Windsor Energy lawsuit against N.B. government linked to election
Company president Khalid Amin claims more than $100M in damages for libel over Sussex seismic tests
The president of Calgary's Windsor Energy says the timing of his $105-million lawsuit against the New Brunswick government and former Natural Resources minister Bruce Northrup is "absolutely" political.
Khalid Amin filed his statement of claim in Fredericton on Friday, just weeks before the Sept. 22 provincial election.
He says he is well aware the Progressive Conservative Party's election campaign ads will ask voters to "say yes" to Premier David Alward's natural resource development plan.
"You know what, the people need to know prior to [the] election how incompetent this government is and how incompetent this minister has been," Amin told CBC News.
He is suing based on public statements Northrup made in 2011 saying Windsor violated the province's Oil and Natural Gas Act when it conducted seismic testing in the town of Sussex.
Amin claims Northrup was libellous when he issued a press release in November of that year, following an incident in which a Windsor subcontractor did seismic tests along Highway 1 inside Sussex town limits.
Northrup said Windsor did not have permission to do the tests and had violated the act.
The province then filed a complaint with the RCMP.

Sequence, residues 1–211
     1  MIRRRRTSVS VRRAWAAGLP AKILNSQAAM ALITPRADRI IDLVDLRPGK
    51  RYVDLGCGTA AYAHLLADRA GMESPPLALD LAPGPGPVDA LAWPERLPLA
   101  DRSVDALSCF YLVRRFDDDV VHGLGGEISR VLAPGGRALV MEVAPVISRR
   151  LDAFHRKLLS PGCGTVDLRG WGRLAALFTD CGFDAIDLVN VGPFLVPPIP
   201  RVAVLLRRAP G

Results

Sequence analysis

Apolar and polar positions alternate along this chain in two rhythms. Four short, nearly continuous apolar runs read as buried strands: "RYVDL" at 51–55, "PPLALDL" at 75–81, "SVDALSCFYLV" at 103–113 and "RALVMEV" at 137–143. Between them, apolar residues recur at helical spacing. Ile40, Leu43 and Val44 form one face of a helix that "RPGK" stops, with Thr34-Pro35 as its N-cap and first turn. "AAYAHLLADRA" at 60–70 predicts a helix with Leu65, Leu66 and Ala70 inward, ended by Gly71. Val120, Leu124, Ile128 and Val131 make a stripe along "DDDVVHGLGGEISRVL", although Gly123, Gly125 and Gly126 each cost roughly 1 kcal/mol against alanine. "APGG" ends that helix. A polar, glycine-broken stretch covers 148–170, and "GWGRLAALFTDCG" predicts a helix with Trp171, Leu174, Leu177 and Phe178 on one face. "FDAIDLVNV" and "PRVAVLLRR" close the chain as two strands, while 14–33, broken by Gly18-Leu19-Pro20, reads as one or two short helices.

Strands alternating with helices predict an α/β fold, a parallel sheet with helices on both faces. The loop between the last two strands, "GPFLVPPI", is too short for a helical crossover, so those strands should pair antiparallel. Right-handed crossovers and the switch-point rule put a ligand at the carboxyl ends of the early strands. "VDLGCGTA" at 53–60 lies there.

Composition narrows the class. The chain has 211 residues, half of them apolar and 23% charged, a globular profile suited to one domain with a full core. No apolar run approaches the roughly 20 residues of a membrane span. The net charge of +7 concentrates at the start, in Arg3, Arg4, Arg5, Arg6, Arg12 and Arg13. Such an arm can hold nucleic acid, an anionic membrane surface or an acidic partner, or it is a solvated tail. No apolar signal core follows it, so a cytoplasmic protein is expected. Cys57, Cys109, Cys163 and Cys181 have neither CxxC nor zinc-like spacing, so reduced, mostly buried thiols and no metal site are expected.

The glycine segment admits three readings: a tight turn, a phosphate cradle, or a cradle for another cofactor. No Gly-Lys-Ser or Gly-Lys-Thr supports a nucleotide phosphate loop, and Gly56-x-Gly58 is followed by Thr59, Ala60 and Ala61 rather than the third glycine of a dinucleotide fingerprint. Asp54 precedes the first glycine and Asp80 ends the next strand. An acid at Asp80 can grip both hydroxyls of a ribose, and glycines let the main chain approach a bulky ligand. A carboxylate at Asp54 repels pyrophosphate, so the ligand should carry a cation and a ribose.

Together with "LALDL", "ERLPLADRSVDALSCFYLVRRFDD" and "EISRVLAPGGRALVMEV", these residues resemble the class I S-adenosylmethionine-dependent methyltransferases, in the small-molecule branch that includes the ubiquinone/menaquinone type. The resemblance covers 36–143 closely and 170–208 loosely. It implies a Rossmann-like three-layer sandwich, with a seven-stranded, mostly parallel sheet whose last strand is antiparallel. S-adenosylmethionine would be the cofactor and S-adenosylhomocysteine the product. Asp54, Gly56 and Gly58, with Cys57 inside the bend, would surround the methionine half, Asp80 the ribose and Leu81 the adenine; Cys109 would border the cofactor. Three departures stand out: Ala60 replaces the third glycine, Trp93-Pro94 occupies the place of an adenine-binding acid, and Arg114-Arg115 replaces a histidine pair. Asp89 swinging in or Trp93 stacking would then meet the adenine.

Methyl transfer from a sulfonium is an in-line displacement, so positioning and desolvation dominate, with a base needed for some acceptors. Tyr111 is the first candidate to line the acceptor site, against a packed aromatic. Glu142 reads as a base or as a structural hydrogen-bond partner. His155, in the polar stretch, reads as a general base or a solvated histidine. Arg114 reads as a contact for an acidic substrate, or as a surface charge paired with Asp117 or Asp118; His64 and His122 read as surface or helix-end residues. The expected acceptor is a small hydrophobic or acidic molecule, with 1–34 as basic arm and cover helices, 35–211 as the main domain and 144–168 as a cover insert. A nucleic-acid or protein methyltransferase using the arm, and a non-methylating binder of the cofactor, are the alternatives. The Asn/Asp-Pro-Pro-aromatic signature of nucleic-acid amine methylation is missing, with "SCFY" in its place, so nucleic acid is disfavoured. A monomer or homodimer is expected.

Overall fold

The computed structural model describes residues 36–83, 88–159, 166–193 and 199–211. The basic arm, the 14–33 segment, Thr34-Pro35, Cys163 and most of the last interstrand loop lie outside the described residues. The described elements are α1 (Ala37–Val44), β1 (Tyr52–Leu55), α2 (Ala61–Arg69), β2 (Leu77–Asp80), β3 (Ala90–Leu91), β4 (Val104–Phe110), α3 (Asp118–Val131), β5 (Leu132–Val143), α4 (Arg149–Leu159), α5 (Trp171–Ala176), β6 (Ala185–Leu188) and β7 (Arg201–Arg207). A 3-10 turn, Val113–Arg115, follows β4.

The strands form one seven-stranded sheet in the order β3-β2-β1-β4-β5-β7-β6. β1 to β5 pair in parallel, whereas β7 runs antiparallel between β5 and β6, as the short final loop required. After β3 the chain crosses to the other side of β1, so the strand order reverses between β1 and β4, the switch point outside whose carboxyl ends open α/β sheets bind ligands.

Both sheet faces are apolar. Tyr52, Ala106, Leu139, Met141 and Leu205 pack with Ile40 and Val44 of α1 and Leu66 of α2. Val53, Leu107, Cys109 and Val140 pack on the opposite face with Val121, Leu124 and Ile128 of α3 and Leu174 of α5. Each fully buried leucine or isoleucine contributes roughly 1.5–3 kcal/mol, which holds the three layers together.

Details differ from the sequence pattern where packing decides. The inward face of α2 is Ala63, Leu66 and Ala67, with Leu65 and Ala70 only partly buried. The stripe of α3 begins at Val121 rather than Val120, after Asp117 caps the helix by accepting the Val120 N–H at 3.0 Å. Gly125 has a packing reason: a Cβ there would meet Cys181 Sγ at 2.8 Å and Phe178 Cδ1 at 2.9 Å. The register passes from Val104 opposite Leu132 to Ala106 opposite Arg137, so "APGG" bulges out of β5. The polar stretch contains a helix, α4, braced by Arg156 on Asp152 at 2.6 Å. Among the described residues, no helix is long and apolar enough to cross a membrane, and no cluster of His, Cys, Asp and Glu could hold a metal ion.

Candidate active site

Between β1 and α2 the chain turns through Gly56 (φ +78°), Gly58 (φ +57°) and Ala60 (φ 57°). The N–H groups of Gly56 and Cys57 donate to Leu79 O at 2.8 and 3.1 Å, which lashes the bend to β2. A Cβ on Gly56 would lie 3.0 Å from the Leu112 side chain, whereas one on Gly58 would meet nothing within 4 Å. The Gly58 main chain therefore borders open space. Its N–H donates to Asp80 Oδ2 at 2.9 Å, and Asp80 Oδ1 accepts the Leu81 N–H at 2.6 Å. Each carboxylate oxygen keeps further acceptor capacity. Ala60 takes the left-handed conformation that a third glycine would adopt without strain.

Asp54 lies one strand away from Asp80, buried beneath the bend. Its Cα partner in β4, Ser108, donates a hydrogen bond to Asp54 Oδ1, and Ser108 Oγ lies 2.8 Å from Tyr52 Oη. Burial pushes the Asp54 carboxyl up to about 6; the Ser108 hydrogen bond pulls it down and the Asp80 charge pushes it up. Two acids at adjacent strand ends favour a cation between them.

"Oh, it hurt us significantly," said Amin. "It made national news that not only did we violate the oil and gas act, according to the minister, but also that we possibly did something criminal and he forwarded it to the RCMP," he said.
In the statement of claim, Amin says his company was cleared by the RCMP and alleges Northrup's press release was false, misleading and defamatory.
Amin says the negative publicity drove potential investors away from his company.
"They read headlines like everybody else: 'Oh, they did something criminal. It got forwarded to the RCMP.' You can imagine what that does to a company," Amin told CBC News.
Amin alleges his inability to raise money led to the loss of the exploration licences.
He says he stands to lose more than a $100 million in profits, claiming that's just part of the potential oil and natural gas holdings an independent report says could be in the licence area.
None of the allegations have been proven in court.
In an email Friday morning, Northrup said he just found out about the suit and had no comment at this time, but would have something to say later.